The researchers observed that improvement in periodontal health and reduction in the proportion of a specific bacterium linked to periodontal disease correlated with a slower intima-media thickness (IMT) progression, a measure used to diagnose the extent of carotid atherosclerotic vascular disease.

According to the study, there was a 0.1 mm difference in IMT change over the period among study participants whose periodontal health was deteriorating compared with those who showed improvements in their periodontal health.

“It is critical that we continue to follow these patients to see whether the relationship between periodontal infections and atherosclerosis carries over to clinical events like heart attack and stroke and test whether modifying the periodontal flora will slow the progression of atherosclerosis,” said Dr. Ralph Sacco, former president of the American Heart Association.

The participants were originally enrolled in the Oral Infections and Vascular Disease Epidemiology Study, a randomly sampled prospective cohort of Northern Manhattan residents.

The study, titled “Changes in Clinical and Microbiological Periodontal Profiles Relate to Progression of Carotid Intima‐Media Thickness: The Oral Infections and Vascular Disease Epidemiology Study,” was published online on Oct. 28 in the Journal of the American Heart Association.

Laser Periodontal Treatment in Philadelphia and on the Main Line

Dr. Waasdorp performs minimally invasive laser periodontal therapy, offering patients state of the art periodontal treatment rather than having traditional periodontal surgery.  Dr. Waasdorp is the first periodontist on the Main Line to offer this technology to his patients.

Doctors have used lasers for many years to provide better care for their patients. LASIK vision correction and laser procedures in dermatology are widely accepted forms of treatment. Advanced laser technology can now be used for your periodontal, cosmetic, implant and surgical care in our Philadelphia area practice.

Waterlase MD Turbo

Here are some of the benefits you can expect to experience with the Laser Deep Pocket Therapy.

More Comfortable

The YSGG uses laser energy and a gentle spray of water to perform a wide range of dental procedures without the heat, vibration and pressure associated with the dental drill, and without using a scalpel to make incisions.

More Precise

The YSGG removes diseased tissue much more precisely than conventional methods. Greater precision in removing diseased tissues preserves more of the healthy tissues in your mouth. Minimally invasive treatment leads to quicker and better healing.

Less Bleeding and Swelling

Due to its conservative, gentle cutting action and coagulating capabilities, the YSGG performs many procedures with little or no bleeding and less post-operative swelling.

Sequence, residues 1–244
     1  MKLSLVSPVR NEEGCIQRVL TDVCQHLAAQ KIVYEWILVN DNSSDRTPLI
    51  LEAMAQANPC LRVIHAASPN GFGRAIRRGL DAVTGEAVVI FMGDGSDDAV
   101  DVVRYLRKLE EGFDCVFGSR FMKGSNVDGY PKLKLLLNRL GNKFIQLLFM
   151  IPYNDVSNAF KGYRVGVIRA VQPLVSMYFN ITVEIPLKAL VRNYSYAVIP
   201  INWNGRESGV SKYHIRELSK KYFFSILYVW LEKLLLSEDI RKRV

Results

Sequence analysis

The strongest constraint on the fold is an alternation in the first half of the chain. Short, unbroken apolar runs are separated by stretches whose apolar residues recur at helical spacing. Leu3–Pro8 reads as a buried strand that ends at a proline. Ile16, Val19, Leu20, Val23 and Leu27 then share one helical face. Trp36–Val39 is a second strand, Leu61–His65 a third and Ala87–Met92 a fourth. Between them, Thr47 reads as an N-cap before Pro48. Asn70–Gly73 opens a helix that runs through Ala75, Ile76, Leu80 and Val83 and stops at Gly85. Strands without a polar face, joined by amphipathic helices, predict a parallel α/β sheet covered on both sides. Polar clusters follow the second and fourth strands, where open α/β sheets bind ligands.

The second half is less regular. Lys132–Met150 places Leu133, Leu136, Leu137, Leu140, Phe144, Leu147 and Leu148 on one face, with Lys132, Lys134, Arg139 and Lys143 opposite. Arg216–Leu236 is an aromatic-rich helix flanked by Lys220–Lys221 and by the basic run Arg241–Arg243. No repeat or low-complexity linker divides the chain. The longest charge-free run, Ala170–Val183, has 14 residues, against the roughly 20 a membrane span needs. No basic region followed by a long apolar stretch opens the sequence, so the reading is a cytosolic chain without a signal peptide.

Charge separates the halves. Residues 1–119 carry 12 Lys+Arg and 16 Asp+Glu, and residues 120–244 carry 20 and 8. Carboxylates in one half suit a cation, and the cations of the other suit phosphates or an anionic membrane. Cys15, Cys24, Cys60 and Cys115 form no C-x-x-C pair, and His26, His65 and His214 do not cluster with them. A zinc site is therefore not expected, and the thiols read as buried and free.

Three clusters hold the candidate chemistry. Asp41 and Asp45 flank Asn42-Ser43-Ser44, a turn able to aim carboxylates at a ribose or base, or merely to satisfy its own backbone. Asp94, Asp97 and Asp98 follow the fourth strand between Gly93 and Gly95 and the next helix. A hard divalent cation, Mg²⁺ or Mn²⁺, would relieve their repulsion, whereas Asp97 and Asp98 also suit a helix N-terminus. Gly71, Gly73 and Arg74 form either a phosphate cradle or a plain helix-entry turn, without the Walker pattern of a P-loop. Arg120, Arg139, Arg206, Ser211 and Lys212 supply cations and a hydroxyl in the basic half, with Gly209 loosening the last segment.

Periodontal Disease and Diabetes


A new consensus report from the American Academy of Periodontology (AAP) and the European Federation of Periodontology (EFP) finds that periodontal health may play an important role in the management of diabetes. The report outlines clinical recommendations for dental professionals to use when treating people with diabetes and emphasizes the importance of annual comprehensive periodontal evaluations (CPE) as part of an effective diabetes management program. The consensus report is based on a large body of scientific evidence that suggests periodontal health may be helpful in controlling diabetes.

“The relationship between periodontal disease and diabetes is a bit of a catch-22,” says Dr. Stuart J. Froum, DDS, President of the AAP, clinical professor and Director of Clinical Research in the Department of Periodontics and Implant Dentistry at New York University Dental Center. “People living with diabetes are more likely to develop periodontal disease. At the same time, periodontal disease makes it more difficult for people with diabetes to control their symptoms because it can impair the body’s ability to process and/or utilize insulin.”    

Periodontal disease, or gum disease, is an inflammatory condition that if left untreated may cause damage to the tissues and bone surrounding the teeth and can eventually lead to tooth loss. In addition to diabetes, periodontal disease has been linked to other systemic diseases, including cardiovascular disease, rheumatoid arthritis, and Alzheimer’s disease.

“Both periodontal disease and diabetes present serious public health problems, with millions of Americans affected by one or both of these conditions,” says Dr. Froum. “With what we now know about the impact periodontal health has on diabetes management, it is crucial for people diagnosed with diabetes to maintain healthy teeth and gums. This includes diligent home care, including brushing at least twice a day and flossing at least once a day, as well as receiving a CPE from a dental professional at least once a year. Treatment of periodontal disease in patients with diabetes has been shown to improve control of the disease.”